But like my grandmother, PG surrounded himself with astounding people.  In his case, not flesh-and-blood relations, but friends and artists and fellow geeks.  This morning at the funeral, my brother said this in his eulogy.  “She was a woman who took her gifts, and multiplied them.”  This would be just as apt a description for PG.  He took his love and he shared it with the world.  They were both beacons.  The world was a brighter place for their being in it.  It is going to be that much darker without them.

But the best we can do is follow their example.  Please, give generously to the fund.  And gather your family, both biological and non, tell them you love them.  They know, but tell them anyway.  And share with them.  Share stories, share jokes, share joy.  Their light is going out of the world, and we need to keep it shining.

Hugh Likes Podcasts: Rachel and Miles X-Plain the X-Men

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As regular readers of this blog may know, I am somewhat fond of comic books, and I also enjoy comic book podcasts.  This is a relatively new one, but it is already one of my favorites.  Hosted by Dark Horse Comics editor Rachel Edidin and her husband Miles Stokes, the title says it all for this one.  This weekly, hour-long show attempts to shed some light on one of the most convoluted and complex franchises in modern comics, the X-Men, starting from Giant-Sized X-Men Number One right up until the present day.
Rachel and Miles take a breezy, tongue in cheek look at the history of the comics, and they both celebrate its heights and condemn its excesses, with appreciation.  It is clear from the start that they love these comics, even the ones they know are ridiculous.
The show opens with a scripted bit examining a particularly thorny bit of cannon, such as X-characters frequent habit of dying and coming back to life, lamp-shading the week’s topic.  This is followed by a forty-five minute or so discussion of that topic.  They recently covered the famous Dark Phoenix Saga in two episodes that is a great place for new listeners to begin.
The podcast reminds me of the now defunct Tom vs. The DC Universe podcast, but rather than simply reading and reacting to one issue, they cover and critique an arc or particular topic.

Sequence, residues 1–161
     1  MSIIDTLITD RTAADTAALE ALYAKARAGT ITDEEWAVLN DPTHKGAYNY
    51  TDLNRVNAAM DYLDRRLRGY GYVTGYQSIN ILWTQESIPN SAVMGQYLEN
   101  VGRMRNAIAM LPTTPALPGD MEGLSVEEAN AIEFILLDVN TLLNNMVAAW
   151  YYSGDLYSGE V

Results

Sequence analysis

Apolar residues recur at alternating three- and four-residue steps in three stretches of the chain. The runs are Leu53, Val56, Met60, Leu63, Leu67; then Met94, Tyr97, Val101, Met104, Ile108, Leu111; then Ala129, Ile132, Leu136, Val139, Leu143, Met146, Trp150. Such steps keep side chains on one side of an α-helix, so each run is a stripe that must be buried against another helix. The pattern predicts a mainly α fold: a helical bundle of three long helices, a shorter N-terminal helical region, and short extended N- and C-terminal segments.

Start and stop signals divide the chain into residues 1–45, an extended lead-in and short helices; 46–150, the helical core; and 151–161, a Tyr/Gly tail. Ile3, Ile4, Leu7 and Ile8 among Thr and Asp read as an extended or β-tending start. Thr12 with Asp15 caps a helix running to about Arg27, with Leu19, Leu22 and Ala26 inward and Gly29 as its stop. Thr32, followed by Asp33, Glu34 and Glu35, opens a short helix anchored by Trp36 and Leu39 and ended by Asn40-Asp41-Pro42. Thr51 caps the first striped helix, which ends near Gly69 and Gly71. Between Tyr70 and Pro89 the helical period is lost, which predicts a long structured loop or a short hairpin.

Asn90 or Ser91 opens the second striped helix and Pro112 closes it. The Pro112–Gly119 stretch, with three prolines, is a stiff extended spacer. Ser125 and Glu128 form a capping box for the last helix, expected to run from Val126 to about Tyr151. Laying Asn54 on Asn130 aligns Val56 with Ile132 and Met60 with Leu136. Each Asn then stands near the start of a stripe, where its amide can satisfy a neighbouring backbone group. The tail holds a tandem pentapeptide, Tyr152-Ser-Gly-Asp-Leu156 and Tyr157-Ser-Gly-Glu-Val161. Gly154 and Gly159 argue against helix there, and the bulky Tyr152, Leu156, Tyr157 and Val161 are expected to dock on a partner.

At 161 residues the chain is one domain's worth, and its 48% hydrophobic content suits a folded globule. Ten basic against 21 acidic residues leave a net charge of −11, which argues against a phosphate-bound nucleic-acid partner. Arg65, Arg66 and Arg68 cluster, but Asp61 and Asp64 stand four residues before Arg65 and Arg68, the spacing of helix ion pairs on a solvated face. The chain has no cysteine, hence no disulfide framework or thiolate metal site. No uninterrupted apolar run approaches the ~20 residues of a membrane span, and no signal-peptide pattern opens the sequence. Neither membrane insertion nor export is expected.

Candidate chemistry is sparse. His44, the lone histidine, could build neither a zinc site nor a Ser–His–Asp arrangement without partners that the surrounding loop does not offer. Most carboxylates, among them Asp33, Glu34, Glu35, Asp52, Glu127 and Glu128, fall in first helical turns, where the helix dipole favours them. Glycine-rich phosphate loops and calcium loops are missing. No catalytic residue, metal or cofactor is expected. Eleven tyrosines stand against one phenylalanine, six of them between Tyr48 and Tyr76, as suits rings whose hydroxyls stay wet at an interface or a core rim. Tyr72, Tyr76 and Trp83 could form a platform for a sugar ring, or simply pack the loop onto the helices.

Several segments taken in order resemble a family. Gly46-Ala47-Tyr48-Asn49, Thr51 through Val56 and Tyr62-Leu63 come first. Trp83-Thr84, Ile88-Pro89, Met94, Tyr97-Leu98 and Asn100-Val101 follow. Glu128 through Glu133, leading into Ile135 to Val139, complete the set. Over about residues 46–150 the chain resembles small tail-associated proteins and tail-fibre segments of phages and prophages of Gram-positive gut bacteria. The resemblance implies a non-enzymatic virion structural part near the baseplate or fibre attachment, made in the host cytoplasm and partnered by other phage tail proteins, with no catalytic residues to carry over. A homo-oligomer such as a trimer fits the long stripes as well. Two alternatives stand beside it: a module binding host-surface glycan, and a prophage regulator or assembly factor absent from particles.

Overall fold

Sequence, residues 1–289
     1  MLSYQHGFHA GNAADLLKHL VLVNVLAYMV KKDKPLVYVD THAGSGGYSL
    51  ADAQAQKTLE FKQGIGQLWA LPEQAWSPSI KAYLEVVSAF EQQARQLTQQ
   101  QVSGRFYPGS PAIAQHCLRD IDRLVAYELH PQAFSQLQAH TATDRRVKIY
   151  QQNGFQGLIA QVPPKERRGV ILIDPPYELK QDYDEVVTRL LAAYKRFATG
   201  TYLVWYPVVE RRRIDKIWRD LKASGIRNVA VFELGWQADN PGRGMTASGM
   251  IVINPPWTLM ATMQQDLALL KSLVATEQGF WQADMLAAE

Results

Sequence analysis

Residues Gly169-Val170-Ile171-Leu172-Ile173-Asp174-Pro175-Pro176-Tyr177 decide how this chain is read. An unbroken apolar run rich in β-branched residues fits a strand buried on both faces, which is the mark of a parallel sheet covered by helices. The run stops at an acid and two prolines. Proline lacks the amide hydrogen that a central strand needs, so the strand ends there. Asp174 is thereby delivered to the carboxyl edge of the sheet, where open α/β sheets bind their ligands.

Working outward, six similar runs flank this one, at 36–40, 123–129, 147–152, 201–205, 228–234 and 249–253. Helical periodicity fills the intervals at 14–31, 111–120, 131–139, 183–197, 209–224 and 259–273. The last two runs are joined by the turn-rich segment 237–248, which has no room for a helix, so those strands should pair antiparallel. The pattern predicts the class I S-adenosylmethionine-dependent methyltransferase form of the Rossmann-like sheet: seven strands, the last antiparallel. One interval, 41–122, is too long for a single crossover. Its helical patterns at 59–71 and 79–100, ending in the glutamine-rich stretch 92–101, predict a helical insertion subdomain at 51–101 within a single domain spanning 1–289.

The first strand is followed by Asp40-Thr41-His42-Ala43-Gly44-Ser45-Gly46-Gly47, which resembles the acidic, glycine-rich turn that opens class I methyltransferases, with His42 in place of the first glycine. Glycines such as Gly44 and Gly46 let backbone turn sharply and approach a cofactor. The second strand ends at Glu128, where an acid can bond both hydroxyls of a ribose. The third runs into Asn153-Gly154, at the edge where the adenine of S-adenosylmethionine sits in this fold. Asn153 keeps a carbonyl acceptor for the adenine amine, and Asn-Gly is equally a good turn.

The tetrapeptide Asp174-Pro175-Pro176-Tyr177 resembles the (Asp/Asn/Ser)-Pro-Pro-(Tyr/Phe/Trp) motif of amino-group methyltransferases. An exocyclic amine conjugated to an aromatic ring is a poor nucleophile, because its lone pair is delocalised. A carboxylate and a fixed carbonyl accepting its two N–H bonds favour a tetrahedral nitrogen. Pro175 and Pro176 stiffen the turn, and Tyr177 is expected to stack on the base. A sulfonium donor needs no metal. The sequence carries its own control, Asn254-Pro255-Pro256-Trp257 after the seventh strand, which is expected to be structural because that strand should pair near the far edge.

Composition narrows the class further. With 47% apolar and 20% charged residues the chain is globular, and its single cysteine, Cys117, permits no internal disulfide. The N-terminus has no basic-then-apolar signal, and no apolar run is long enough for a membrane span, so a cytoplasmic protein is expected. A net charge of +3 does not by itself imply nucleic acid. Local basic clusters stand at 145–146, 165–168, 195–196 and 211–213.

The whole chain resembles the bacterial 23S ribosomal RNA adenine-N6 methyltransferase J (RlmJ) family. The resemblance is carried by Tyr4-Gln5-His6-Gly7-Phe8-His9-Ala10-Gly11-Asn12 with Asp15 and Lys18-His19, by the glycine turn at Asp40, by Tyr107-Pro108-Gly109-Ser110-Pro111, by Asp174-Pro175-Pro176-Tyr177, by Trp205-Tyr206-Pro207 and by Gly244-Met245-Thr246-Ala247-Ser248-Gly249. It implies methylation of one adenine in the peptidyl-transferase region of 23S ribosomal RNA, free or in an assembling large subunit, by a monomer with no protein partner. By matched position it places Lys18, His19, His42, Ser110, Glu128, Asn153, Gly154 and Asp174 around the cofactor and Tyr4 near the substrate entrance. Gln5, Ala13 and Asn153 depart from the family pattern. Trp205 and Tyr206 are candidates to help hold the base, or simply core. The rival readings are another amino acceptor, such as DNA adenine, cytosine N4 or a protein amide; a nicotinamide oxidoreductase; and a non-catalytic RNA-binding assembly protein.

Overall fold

Rachel and Miles X-Plain the X-Men is a delightful look at the Marvel Universe from two witty and engaging hosts who really know their stuff and celebrate it without putting it on a pedestal.  They also release a weekly visual companion with panels and fanart from the latest episode.  I recommend it for New Fans and Uncanny X-Perts alike.  Listen for yourself at RachelandMiles.com/xmen

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Queen City Adventures: The Taste of Buffalo!

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Every year, local restaurants take over Niagara Square and a few blocks of Delaware Avenue in downtown Buffalo for one of the largest food festivals in the country.

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Buffalo is definitely a food city, from chicken wings to beef on weck, so it is always a delight to try new places and see what they have on offer. Here is a sample of my selections:

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Indian Falls Log Cabin: Beef on Weck Ravioli

This beef and cheese ravioli was served in savory beef broth complete with caraway seeds. It was a nice mix of surprising ingenuity and hometown pride. Very good.

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T. C. Wheelers: Reuben Pizza and Pizza Nutella with Almonds

Of all the pizza places that had tents at this year’s events, this was the only one that felt creative, which is usually what I’m looking for at the Taste. The Reuben Pizza was outstanding. It had a nice, thick crust and delivered what it promised. The Pizza Nutella was more akin to fried dough, and the hazelnut spread made it a bit heavy, but it was quite good as well.

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Kabob and Curry: Cheese & Veggi Tikka

Selected by my husband, who is vegetarian. He enjoyed it, and I liked my nibble, but I’m a wuss when it comes to spicy food, and it was a bit too much for me.

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Carribean Expirience: Beef Patty

An excellent meat pastry that was nicely spiced but not hot. My husband had the vegetarian version, which was also good.

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NIck Charlap’s Ice Cream: Raspberry Custard

While they had the standard flavors, we opted to try something a bit different from this local ice cream shop. It was excellent.

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The Lodge: Civiche

Raw fish in a citrus sauce with gaucamole and chips, this was like sushi and nachos combined. It was delicious and refreshing on a hot Saturday afternoon. The Lodge’s other options, including venison and wild boar, looked interesting as well.

Over-all, I would say that I enjoyed the Reuben Pizza the most out of my sampling of this year’s entrants, although the civiche was a close second. Buffalo is a treasure trove of fantastic local restaurants, and I always enjoy sampling them.

Next week: The Italian Festival!